The somewhat flippant answer to this – while still very accurate – is that living rooms hold only so many people.
See, most Pagan groups – and especially most religious witchcraft groups – are intentionally fairly small, because much of the way they work works best with a small number of people who can build up trust and connection with each other.
(There are larger open ritual groups, but these are generally focused either on a pretty specific goal, with some filtering, or they’re open to anyone, but focused on general celebrations and community.)
Most religious witchcraft groups do run smaller for a variety of reasons. Let’s talk about them.
1) Only so many people fit in the room.
I come back to this one first because really, it’s very practical. When a small group is meeting in personal space, you only get so far before it starts getting unwieldy. (And, of course, with a small group, it doesn’t make a lot of sense to either maintain a larger separate building, or sometimes even to rent one.)
For group work, the people hosting are going to want:
- Enough parking for people who drive without annoying the neighbors.
- Enough seating for everyone (chances are, most groups will have a couple of people who really need chairs, for various reasons, maybe a few people who prefer sitting on the floor, and some people who can do either.)
- Enough clear space for ritual – it’s a lot easier to clear a space the size of a smallish dining room than it is to clear a space that will hold 20 comfortably. Moving furniture back to the walls of the living room only gets you so far.
For all sorts of reasons, this means that 10-15 people is about the upward size limit for working in someone’s home.
2) The personal connections are important.
Religious witchcraft work, in particular, tends to rely heavily on personal connections between participants in a group.
You probably know that the traditional size for a coven is 13 – but it turns out there’s a good psychological reason for this: that’s about the upper limit of how many individual connections we can maintain in the same social context. More than that, and groups tend to start fragmenting into smaller subgroups.
3) A clear, focused, group mind.
One of the things behind the theory of coven work is that a group of people with a shared intention and focus can be exponentially more effective than individuals working on their own. However, you’ve got keep people focused in the same direction – which has some size limits due to the practical and psychological factors noted above.
4) Some people will fit a group, others won’t.
It doesn’t mean that the people who aren’t aren’t good people – or competent witches, or whatever else you want to talk about. They’re just not a good fit for that particular group right now.
This is something we really should be used to. Good managers at jobs look to hire people who will make a well-rounded set of skills in that group of employees. Coaches of sports teams look for people who complement each other’s skills.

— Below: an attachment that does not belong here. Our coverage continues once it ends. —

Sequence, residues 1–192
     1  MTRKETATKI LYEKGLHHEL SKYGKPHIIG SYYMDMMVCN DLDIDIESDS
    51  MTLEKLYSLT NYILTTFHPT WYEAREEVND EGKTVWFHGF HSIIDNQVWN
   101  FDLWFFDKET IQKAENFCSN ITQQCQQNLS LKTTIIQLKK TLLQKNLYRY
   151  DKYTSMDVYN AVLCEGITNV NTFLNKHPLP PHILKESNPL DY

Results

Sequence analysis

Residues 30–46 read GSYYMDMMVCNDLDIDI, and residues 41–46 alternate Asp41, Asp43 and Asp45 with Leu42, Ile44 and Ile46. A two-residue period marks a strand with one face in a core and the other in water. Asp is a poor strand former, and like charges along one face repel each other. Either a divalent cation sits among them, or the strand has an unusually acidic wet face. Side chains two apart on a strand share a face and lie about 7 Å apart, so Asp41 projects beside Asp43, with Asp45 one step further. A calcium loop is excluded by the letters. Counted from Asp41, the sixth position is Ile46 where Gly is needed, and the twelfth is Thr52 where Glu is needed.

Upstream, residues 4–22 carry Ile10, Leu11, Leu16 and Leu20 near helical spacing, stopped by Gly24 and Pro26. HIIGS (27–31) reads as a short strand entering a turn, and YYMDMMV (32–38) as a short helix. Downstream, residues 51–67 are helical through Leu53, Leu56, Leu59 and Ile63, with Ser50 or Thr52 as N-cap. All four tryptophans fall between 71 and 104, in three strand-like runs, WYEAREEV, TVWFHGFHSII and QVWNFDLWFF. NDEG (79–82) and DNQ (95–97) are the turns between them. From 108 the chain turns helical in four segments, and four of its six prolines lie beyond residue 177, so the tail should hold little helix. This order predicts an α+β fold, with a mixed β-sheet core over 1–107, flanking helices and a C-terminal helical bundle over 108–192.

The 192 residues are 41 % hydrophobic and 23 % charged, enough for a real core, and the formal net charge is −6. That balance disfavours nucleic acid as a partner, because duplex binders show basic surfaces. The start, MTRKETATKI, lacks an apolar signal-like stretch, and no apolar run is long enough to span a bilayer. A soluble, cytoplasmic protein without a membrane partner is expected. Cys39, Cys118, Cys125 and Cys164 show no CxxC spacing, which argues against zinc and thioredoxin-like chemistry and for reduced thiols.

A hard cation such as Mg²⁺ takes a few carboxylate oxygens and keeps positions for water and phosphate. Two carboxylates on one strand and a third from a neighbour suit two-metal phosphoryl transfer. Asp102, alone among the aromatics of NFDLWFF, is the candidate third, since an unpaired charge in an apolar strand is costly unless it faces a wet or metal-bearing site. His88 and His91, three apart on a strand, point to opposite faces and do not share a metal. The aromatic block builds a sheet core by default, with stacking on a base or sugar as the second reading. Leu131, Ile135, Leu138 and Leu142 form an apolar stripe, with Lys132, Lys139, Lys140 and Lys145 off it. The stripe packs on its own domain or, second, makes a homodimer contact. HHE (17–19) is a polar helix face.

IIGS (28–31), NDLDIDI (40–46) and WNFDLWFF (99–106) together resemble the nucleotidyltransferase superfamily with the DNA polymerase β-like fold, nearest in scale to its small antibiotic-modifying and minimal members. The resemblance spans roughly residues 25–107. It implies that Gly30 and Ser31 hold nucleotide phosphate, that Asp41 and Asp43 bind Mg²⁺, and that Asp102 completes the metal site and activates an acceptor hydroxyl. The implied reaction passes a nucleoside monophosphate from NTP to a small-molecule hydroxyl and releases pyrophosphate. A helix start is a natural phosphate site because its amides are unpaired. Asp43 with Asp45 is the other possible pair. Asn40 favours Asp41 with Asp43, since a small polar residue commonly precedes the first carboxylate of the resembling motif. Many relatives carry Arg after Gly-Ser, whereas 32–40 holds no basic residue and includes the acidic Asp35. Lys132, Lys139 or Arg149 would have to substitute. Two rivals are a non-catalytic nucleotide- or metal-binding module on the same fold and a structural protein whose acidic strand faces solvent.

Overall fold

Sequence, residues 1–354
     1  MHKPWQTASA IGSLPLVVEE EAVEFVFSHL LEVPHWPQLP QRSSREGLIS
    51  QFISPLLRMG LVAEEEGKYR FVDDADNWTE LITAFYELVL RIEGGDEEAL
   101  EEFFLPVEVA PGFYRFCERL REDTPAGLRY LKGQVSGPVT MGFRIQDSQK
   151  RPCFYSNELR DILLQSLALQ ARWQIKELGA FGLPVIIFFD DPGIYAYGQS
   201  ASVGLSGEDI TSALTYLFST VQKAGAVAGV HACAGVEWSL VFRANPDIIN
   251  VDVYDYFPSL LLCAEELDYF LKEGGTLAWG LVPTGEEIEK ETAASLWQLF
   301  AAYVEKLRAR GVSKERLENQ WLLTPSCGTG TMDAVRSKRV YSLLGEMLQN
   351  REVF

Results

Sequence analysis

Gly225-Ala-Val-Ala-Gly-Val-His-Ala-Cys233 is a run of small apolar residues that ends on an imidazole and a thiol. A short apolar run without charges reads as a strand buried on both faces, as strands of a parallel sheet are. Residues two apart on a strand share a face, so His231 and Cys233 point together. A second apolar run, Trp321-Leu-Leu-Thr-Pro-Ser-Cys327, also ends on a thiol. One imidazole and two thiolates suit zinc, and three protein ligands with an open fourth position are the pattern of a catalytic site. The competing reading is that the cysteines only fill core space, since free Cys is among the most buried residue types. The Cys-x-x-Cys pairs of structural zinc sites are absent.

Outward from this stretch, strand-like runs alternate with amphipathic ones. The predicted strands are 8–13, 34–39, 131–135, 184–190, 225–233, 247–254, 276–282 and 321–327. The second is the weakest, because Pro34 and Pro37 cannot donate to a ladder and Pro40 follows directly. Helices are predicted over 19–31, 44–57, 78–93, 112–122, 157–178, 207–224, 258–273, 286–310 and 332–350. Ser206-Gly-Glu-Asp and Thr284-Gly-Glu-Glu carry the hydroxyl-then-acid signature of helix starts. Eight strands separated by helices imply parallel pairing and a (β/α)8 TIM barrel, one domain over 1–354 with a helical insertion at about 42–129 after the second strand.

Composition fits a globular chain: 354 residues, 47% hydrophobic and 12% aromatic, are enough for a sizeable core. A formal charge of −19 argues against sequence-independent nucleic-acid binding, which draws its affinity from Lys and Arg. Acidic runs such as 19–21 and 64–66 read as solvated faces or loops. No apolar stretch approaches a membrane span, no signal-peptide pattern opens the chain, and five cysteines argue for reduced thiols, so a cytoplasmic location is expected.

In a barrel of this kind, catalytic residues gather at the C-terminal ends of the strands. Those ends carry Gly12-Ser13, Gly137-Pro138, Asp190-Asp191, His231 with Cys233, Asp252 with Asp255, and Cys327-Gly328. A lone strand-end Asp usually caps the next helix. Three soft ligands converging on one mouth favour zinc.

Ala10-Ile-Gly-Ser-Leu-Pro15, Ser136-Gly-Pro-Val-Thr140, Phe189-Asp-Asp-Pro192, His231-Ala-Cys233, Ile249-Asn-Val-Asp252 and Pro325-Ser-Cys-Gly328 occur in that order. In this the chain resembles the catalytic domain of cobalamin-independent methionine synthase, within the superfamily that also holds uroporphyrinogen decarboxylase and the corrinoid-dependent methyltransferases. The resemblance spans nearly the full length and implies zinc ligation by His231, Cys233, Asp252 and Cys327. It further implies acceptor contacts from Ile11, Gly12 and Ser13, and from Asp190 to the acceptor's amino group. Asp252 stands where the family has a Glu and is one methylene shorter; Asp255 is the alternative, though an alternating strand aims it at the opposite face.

Covens and small religious groups work the same way: you want people who have enough in common that working together makes sense, but who bring enough different things that there’s variety and flexibility and different options available.
5) Adding new people is time-consuming
First, you have to spend a fair bit of time getting to know each other, to even figure out if you’ve got a possible good fit. In my group, this takes 3-6 meetings, and usually about 15 hours of time (including the initial email stages) on both sides.
But after that, there’s still the time and energy to get someone up to speed in the group. Most religious witchcraft traditions cover a chunk of material to get someone to a point where they’re solid in the basics of their particular practice – usually something that takes 5-8 hours a month (at least) of dedicated teaching time in some form. Obviously, groups are sometimes going to be better able to do that at some points than at others.
6) Groups also go through internal cycles.
A given group might be up for taking in several prospective new members one year. The next year, they might hit their practical limit for numbers. Or maybe the people who normally teach have some health challenges, or some high demands at work, or something else that means they don’t have quite as much time or energy to spare to teach a new member of the group or see how they fit in. Since we’re talking small groups, lead by volunteers who host and teach because they think it’s important, these things can cause some significant pauses for good reason.
The good news is that often those things shift again in a year or two. More advanced students of the tradition may get to a point where they can form a new group. Health or job issues can shift back and allow more time for the group. They may figure out some way to spread out the workload that’s more sustainable.
What does it all mean?
Most simply, it means that lots of people – no matter how nice or great or wonderful they are – won’t be a great fit with every group. But it also means that the groups they might be a fit with might go through periods when, for whatever reason, they’re not taking in new students or new members.
If eventual group work is important to you, patience helps a lot, as well as finding ways to continue to learn and grow that make group work more accessible later.
Last updated December 26, 2016